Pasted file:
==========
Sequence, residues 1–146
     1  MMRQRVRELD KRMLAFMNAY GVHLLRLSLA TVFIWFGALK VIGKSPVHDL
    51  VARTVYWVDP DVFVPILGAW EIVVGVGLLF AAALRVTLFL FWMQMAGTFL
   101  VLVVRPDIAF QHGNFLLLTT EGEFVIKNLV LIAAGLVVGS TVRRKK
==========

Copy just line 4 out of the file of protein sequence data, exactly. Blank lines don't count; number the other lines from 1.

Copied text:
   101  VLVVRPDIAF QHGNFLLLTT EGEFVIKNLV LIAAGLVVGS TVRRKK